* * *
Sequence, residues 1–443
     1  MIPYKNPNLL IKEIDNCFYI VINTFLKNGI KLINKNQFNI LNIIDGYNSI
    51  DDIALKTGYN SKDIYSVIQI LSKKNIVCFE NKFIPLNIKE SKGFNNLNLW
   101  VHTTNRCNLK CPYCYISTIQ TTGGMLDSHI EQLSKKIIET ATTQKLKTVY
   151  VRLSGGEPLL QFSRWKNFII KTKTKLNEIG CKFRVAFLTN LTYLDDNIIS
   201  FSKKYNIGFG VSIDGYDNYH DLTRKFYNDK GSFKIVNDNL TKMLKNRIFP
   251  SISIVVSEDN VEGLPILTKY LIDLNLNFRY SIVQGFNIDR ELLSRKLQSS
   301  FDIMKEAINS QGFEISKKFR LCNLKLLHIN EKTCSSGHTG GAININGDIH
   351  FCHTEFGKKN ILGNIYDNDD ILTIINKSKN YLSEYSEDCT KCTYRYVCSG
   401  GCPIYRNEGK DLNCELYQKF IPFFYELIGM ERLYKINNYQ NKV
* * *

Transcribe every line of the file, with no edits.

Sequence, residues 1–443
     1  MIPYKNPNLL IKEIDNCFYI VINTFLKNGI KLINKNQFNI LNIIDGYNSI
    51  DDIALKTGYN SKDIYSVIQI LSKKNIVCFE NKFIPLNIKE SKGFNNLNLW
   101  VHTTNRCNLK CPYCYISTIQ TTGGMLDSHI EQLSKKIIET ATTQKLKTVY
   151  VRLSGGEPLL QFSRWKNFII KTKTKLNEIG CKFRVAFLTN LTYLDDNIIS
   201  FSKKYNIGFG VSIDGYDNYH DLTRKFYNDK GSFKIVNDNL TKMLKNRIFP
   251  SISIVVSEDN VEGLPILTKY LIDLNLNFRY SIVQGFNIDR ELLSRKLQSS
   301  FDIMKEAINS QGFEISKKFR LCNLKLLHIN EKTCSSGHTG GAININGDIH
   351  FCHTEFGKKN ILGNIYDNDD ILTIINKSKN YLSEYSEDCT KCTYRYVCSG
   401  GCPIYRNEGK DLNCELYQKF IPFFYELIGM ERLYKINNYQ NKV